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Thought since long :

The Retort-Made Human from the Artificial Womb

Hogarth, William (1697 London 1764). Hudibras beats Sidrophel and his man Whacum. Hudibras at the astrologer + alchemist. The knight, an English Don Quixote, raising hell in a world strange to him, meeting a courageous magician and his frightened assistant. But also witnesses of the past and the future as there are a human skeleton from which an owl looks down, and a little human produced in a retort. Besides folios + reptiles nautical equipment as Jacob’s baton, quadrant, St. Barbara’s light, telescope, charts + globes. Come to spy out his chances of marriage to a rich widow the result induced him to blast it all. Engraving. (1726.) Inscribed: 8 / Wm. Hogarth Inven. et Sculp., otherwise as above + 4 6-lined stanzas as caption. 10⅞ × 14⅛ in (27.5 × 35.8 cm).

William Hogarth, Retort-made Human
Detail: retort-made human
William Hogarth, Hudibras beats Sidrophel

HUDIBRAS VIII. – Nagler 10-8; Hogarth Catalog Zurich, 1983, ills. 8. – Impression on strong paper from the plate retouched by the royal engraver James Heath (1757 London 1834) about 1822 (“Even these impressions have become relatively rare today though”, Art Gallery Esslingen 1970; and Meyers Konv.-Lex., 4th ed., VIII [1888], 625: “A fine edition”, esteemed also already by contemporary collectors of the rank of for instance an A. T. Stewart [Catalog of the Stewart Collection, New York 1887, 1221, “fine plates”]).

The crocodile hanging from the ceiling together since the woodcut frontispiece to Ferrante Imperato’s Dell’historia naturale libri xxviii of 1599 as the earliest illustration of a Wunderkammer, or Room of Wonder,

“ a feature so widely imitated by subsequent collectors that later images of Wunderkammer collections are easily recognized by their floating crocodiles ”

(Florence Fearrington, Rooms of Wonder: From Wunderkammer to Museum, 1599-1899 [2012], p. 9).


“ is a vulgarized (English) Don Quixote , a dewitted Rabelais ”

(Laaths, Geschichte der Weltliteratur, 1953, p. 375), a “;satiric scourge” (Meyers Konv.-Lex., 4th ed., III, 693/I) on the politically just sacked Puritanism and the best-known work of its creator esteemed by Charles II,


(Strensham, Worcestershire, 1612/13 – London 1680), as result of his impressions in the employ of Cromwell’s Colonel Sir Samuel Luke, “at which religious and political sects were about” (Meyers). Remaining incomplete the first two parts of the epic were published in 1663/64, a third one in 1678, then, joined, long-lived through the centuries. In three cantos each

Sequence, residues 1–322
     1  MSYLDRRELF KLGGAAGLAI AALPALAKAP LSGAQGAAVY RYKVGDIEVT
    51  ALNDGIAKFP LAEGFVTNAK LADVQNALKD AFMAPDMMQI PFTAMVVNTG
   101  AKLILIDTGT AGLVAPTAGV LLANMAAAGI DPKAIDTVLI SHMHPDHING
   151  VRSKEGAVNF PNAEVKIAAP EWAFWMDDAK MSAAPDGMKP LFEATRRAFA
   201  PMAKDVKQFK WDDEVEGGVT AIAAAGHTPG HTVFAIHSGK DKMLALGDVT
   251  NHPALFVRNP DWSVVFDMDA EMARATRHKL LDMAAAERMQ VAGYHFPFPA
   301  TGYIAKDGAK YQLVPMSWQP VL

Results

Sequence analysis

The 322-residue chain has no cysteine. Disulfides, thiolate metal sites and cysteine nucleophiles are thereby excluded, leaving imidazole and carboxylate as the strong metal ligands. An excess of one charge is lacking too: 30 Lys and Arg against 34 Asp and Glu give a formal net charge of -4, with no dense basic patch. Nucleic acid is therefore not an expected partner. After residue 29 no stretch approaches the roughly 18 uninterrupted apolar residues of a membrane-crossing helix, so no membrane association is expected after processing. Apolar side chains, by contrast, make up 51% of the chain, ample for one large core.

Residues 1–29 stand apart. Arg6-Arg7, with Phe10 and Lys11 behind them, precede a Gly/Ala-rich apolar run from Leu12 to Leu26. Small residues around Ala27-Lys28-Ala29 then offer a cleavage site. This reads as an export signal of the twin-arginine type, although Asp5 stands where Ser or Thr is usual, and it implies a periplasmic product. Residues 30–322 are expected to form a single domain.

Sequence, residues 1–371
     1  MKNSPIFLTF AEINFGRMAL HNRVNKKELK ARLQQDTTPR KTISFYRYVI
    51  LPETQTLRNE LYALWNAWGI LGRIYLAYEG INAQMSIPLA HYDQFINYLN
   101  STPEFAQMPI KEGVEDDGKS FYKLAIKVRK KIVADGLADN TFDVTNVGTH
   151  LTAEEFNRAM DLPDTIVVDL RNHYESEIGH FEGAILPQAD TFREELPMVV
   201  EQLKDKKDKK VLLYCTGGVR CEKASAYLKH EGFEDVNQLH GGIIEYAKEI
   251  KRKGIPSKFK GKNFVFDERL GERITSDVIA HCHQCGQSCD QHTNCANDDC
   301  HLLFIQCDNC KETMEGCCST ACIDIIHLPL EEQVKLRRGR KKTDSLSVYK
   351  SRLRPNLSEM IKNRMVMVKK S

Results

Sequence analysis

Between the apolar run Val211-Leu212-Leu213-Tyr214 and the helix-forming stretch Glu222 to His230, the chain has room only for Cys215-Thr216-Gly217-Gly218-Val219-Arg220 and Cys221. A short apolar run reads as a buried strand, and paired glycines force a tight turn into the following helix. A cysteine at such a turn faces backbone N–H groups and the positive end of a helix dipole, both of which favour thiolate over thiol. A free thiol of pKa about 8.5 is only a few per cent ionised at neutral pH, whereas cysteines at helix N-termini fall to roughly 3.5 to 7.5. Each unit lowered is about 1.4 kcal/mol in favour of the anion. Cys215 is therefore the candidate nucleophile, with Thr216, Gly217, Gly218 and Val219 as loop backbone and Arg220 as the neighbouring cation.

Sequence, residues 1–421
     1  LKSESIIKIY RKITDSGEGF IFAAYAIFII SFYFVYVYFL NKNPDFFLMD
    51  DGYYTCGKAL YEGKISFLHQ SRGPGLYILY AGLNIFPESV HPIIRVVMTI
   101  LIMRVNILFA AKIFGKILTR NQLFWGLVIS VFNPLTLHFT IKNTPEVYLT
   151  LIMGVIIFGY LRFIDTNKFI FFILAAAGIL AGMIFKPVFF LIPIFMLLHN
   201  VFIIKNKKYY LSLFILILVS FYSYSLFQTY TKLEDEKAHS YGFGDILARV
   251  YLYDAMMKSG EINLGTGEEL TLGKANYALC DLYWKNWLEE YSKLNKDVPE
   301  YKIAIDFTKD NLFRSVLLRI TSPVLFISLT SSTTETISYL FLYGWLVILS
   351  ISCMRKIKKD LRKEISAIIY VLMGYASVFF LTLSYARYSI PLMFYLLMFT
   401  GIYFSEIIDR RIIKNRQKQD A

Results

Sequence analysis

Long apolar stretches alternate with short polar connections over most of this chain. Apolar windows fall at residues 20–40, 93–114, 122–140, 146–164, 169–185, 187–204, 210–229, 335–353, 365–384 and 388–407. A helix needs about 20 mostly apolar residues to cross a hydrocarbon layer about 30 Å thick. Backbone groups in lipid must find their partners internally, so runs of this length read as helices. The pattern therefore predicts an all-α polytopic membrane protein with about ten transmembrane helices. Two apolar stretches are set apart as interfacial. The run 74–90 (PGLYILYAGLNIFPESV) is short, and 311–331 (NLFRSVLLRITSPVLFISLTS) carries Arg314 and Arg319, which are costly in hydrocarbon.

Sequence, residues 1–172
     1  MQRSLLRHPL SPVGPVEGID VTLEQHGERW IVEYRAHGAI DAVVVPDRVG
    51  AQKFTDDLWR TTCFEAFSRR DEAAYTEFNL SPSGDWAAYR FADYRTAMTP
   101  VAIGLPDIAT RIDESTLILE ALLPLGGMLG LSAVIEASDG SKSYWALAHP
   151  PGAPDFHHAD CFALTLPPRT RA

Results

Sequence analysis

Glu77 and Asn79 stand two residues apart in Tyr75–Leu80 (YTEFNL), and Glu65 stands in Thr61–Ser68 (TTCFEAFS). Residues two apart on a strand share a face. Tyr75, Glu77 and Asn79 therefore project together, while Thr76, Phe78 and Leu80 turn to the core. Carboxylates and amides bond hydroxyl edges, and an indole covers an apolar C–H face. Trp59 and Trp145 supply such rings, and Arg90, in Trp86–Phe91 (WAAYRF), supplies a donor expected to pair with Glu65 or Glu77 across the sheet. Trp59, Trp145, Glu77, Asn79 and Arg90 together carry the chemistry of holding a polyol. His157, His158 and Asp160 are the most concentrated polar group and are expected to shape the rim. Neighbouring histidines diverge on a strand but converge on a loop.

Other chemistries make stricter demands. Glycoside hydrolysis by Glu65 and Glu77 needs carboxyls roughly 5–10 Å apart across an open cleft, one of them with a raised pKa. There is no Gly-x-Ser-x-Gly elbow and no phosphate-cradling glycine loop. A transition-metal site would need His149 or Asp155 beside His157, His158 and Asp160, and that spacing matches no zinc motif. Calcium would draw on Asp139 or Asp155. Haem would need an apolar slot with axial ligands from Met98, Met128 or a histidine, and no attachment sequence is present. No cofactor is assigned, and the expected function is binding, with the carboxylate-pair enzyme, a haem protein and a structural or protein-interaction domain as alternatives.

“ describing in rough, mostly eight-syllabic songs (later known as ‘hudibrastic verse’) the loosely connected, grotesque adventures of two Puritans, the knight Hudibras and his shield-bearer Ralpho. Hogarth has engraved two different sets of illustrations to this poem: twelve large, carefully executed engravings he has created on his own, independently of a publisher, and published in February 1726, and seventeen smaller ones which have more the character of woodcuts and presumably done before, but were published the following April only in a poem edition. These follow the course of the action while the large sheets only represent the decisive scenes with an abridgement as legend … Epic and pictures are an antiheroic satire on Puritanism and sectarianism ”

(Margrit Bachofen-Moser in Hogarth Catalogue Zurich, 1983, pp. 25 ff. illustrating the large version in partly differing arrangement).

The Hudibras set – Thieme-Becker judge – is “of decisive significance for Hogarth’s development.

Here lies the key to the understanding of the satirist H. ”

(Thieme-Becker XVII [1924], 300/II).

And Austin Dobson in the Encyclopedia Britannica of 1911 :

“ These (plates Hogarth) himself valued highly, and they are the best of his book illustrations. But he was far too individual to be the patient interpreter of other men’s thoughts, and it is not in this direction that his successes are to be sought … (And generally resuming) If we regard him – as he loved to regard himself – as ‘author’ rather than ‘artist’, his place is with the great masters of literature – with the Thackerays and Fieldings, the Cervantes and Molières. ”

Offer no. 4,713 | EUR 240. (c. US$ 258.) + shipping

– – – The same. Engraving by Thomas Cook (c. 1744 – London 1818). Inscribed: Pl. VIII. / Hogarth pinxt. / HUDIBRAS. / T. Cook sculpt. / Published by Longman, Hurst, Rees, & Orme March 1st. 1808. Subject size 5⅜ × 6⅞ in (13.7 × 17.4 cm).

William Hogarth, Hudibras beats Sidrophel and his man Whacum (Hudibras VIII) (Cook small)

Cook “made his mark as Hogarth engraver, too, whose complete work he … reproduced in engraving” (Thieme-Becker), maintaining in contrast to all later Hogarth editions in his first, earlier edition the original format. Several works not published by Hogarth himself had been engraved by Cook for the first time as he met with approval by a contemporary connoisseur as Maximilian Speck von Sternburg, too. – Here though present in Cook’s popular later, smaller version with the caption being replaced by the series title. – Trimmed within the wide white platemark and in its outer parts somewhat foxing.

Offer no. 8,855 | EUR 125. (c. US$ 134.) + shipping

further single sujets from the set available in various qualities